Lights to benefit commuters

by Anonymous Author

Prebbleton and Rolleston commuters are to benefit from the installation of traffic signals near the Halswell Junction and Springs Road roundabout.
The New Zealand Transport Agency has announced the installation of the lights to help reduce congestion and improve safety during the morning commuter peak at a cost of around $150,000.

It is expected the traffic signals will be in place by the end of September.

Selwyn Deputy Mayor and Prebbleton resident Malcolm Lyall said he is delighted the intersection will be improved.

“I’m pleased for our community the Transport Agency is proactively providing a solution to what has become a frustrating intersection on our local roading network.

“This change will make a real difference to commuters.”

Transport Agency journey manager Lee Wright said people travelling on Springs Road from Lincoln, Prebbleton, Rolleston and surrounding areas are experiencing significant delays at the roundabout during the morning peak, between 6am and 10am.

“Some mornings it can take more than 12 minutes for people to travel along Springs Road and enter the roundabout because of the constant flow of traffic travelling northwest along Halswell Junction Road,” Ms Wright said.

“There are often long lines of traffic on Springs Road, backed up for up to two kilometres while people wait for a safe gap to enter the roundabout.

“It is frustrating for drivers and also risky as some motorists try to enter the roundabout when it is not safe to do so.”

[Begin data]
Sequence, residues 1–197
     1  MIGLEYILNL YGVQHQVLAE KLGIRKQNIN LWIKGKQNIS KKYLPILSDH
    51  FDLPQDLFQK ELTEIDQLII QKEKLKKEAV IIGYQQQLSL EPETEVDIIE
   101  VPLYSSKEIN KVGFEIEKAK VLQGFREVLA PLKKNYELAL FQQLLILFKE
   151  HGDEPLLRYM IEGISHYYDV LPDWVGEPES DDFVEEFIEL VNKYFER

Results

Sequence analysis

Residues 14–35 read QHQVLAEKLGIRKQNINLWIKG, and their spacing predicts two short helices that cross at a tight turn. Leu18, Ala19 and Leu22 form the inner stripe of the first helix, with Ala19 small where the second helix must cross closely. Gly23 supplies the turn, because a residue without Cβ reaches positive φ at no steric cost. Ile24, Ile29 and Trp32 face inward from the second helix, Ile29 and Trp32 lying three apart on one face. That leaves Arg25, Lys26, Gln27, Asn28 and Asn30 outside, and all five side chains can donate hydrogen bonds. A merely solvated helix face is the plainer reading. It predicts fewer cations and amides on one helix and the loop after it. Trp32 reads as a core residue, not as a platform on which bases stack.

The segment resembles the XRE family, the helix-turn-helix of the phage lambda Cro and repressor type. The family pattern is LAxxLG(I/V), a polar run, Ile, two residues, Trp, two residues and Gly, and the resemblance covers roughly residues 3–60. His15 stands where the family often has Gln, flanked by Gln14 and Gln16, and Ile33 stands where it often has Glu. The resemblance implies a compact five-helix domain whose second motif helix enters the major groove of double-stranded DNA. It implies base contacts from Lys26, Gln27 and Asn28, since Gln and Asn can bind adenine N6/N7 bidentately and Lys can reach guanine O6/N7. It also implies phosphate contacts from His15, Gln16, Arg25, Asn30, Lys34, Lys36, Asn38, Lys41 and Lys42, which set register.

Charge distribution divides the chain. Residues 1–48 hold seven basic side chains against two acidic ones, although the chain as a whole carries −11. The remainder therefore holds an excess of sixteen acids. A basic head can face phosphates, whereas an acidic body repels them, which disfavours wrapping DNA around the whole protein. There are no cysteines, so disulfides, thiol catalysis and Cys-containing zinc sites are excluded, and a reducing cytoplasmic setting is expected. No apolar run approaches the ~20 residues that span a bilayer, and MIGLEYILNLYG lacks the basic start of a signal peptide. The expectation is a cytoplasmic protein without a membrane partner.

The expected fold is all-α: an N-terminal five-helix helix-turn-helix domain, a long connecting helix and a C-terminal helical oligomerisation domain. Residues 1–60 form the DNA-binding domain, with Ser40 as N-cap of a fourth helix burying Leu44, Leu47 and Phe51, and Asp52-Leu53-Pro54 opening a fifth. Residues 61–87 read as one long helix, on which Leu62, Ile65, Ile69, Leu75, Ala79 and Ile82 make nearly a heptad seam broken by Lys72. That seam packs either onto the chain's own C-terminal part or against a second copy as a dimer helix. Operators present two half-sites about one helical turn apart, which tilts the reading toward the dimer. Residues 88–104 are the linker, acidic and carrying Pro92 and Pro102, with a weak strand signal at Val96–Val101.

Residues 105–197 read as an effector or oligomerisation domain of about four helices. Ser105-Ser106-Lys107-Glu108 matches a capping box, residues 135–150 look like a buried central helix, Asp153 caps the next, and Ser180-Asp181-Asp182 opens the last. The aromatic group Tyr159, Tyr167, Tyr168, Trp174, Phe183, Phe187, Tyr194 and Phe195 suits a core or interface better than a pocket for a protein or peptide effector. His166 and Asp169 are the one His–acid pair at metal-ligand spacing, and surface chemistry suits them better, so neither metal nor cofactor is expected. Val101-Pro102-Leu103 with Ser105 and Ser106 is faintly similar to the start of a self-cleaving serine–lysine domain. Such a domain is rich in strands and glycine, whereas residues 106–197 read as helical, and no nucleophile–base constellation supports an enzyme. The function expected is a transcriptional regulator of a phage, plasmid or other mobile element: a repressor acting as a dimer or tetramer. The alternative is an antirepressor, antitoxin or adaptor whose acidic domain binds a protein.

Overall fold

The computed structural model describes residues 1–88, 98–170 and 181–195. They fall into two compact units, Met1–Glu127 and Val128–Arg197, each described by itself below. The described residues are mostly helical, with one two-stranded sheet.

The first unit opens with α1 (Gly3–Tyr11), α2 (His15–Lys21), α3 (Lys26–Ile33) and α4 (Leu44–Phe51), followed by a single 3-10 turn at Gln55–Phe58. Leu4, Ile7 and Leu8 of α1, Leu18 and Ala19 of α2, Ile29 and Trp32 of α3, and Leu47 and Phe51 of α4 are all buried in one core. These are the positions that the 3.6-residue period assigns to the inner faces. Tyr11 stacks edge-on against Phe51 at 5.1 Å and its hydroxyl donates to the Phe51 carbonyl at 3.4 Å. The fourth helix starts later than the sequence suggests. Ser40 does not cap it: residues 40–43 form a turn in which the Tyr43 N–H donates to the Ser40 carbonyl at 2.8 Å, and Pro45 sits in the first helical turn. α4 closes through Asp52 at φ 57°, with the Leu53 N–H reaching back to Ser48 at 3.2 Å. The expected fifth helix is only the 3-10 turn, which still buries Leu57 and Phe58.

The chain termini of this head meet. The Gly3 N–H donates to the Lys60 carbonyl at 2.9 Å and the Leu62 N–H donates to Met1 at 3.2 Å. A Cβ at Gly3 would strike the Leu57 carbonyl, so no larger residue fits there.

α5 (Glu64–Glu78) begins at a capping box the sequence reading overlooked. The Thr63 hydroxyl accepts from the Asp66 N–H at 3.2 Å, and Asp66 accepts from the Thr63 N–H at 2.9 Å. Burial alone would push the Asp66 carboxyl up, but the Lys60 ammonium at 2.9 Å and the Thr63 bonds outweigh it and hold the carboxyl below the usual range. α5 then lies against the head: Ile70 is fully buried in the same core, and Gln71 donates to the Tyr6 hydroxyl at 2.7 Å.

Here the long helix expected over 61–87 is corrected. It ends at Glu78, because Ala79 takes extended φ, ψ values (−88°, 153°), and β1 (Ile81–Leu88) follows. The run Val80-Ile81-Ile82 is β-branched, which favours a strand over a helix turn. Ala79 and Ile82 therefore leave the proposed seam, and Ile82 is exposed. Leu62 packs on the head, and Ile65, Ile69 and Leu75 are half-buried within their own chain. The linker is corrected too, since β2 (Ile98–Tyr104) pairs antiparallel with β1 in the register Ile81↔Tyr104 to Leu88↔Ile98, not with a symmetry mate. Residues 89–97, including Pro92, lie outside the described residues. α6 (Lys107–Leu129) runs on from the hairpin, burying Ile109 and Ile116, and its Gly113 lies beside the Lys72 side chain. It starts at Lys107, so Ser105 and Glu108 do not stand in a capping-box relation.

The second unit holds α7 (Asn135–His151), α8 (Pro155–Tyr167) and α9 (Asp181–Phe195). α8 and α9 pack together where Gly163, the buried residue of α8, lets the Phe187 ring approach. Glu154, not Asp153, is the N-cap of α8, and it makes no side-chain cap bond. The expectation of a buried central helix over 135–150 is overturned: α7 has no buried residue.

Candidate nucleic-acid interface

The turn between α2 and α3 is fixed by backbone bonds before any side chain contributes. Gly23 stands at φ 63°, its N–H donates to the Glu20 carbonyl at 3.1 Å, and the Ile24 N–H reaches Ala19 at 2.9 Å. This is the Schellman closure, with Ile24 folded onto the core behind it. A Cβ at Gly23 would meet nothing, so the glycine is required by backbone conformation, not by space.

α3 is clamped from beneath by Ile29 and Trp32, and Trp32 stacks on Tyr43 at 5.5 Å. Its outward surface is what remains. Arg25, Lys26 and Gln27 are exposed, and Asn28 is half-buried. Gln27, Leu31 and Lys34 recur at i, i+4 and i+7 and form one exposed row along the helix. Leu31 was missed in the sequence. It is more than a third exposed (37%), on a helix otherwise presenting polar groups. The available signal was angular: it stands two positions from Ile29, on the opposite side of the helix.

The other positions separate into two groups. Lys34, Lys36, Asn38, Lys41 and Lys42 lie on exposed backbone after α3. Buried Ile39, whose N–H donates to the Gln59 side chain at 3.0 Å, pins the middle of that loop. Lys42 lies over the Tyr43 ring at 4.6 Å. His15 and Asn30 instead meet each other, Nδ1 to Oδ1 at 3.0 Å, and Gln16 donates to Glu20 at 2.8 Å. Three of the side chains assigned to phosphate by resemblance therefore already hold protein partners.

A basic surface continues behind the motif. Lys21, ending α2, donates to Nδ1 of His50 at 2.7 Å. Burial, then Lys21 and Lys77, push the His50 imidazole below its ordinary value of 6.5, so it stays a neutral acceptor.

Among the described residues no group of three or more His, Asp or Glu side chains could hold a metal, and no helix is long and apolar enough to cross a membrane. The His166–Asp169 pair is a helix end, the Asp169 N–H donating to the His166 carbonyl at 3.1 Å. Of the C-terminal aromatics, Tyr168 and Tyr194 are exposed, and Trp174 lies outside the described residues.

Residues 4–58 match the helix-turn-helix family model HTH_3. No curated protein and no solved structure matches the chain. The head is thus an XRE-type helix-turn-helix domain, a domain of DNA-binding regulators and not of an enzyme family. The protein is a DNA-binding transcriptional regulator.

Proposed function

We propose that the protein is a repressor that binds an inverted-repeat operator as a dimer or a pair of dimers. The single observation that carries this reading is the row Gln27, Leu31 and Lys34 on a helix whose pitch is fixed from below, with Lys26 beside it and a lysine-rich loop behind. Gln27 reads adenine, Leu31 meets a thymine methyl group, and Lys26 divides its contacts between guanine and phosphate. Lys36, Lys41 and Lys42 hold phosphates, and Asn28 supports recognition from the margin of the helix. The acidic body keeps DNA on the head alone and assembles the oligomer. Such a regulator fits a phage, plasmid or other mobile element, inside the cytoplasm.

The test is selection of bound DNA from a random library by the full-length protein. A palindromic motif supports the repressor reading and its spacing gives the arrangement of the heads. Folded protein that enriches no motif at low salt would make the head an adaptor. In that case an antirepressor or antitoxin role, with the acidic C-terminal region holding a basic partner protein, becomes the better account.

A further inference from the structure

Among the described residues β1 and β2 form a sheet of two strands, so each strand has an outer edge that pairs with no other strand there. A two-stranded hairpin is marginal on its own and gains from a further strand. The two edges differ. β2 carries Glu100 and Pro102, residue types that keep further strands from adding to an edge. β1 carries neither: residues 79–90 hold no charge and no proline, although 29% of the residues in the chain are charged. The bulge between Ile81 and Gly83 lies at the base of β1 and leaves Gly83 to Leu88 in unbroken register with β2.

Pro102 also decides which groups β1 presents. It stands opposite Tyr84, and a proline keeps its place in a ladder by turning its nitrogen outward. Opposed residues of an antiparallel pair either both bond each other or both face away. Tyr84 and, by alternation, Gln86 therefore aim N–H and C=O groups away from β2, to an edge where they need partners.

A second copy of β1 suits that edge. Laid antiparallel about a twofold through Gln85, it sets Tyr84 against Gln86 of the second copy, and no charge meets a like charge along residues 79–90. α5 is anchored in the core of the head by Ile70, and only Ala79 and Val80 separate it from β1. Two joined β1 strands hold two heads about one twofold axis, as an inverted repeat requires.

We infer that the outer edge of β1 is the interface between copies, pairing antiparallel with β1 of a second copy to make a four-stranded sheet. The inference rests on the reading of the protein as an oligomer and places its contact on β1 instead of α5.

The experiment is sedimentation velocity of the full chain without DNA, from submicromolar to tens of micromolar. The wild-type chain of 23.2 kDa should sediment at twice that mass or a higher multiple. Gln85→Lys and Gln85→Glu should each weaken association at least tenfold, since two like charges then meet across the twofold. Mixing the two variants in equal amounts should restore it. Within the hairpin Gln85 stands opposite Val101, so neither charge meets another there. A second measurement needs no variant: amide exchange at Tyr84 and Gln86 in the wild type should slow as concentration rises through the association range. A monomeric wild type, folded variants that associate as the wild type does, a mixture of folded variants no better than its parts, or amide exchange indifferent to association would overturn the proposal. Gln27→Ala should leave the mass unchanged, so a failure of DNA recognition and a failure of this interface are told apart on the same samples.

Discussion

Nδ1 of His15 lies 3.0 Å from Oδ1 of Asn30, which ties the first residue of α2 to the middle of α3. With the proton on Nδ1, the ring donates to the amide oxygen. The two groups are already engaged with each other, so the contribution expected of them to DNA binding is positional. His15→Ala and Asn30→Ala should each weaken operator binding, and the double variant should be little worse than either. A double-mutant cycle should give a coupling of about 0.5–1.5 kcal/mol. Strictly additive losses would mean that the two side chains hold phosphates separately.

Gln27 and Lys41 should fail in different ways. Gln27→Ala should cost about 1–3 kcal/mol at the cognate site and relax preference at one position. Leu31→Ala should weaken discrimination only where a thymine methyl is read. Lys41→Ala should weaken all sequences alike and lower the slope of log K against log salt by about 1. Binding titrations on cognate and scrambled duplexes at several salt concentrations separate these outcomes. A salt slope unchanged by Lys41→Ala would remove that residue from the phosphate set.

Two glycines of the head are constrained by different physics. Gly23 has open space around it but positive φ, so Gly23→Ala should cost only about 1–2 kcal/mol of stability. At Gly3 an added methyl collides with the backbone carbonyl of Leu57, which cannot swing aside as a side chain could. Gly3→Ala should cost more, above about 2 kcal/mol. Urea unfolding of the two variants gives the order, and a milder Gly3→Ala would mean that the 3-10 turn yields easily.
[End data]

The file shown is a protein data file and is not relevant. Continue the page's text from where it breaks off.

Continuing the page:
The traffic signal will be installed 80m before the roundabout on the Halswell side of Halswell Junction Road. 

Two sensors will also be installed, one about 200 metres before the new traffic signals, and another on Springs Road about 50m before the roundabout. The traffic signal will only be used to manage traffic during the morning peak.

Ms Wright said the two sensors will ensure traffic is not stopped unnecessarily and the majority of people travelling on Halswell Junction Road will not notice any delays.

Following testing, the traffic signal is expected to be operational by the end of September.

Ms Wright said give way rules will still apply at the roundabout, even if cars have got a green light.

“The green light will give drivers’ permission to approach the roundabout, but they will still need to obey the road rules and give way to oncoming traffic once they are at the roundabout.”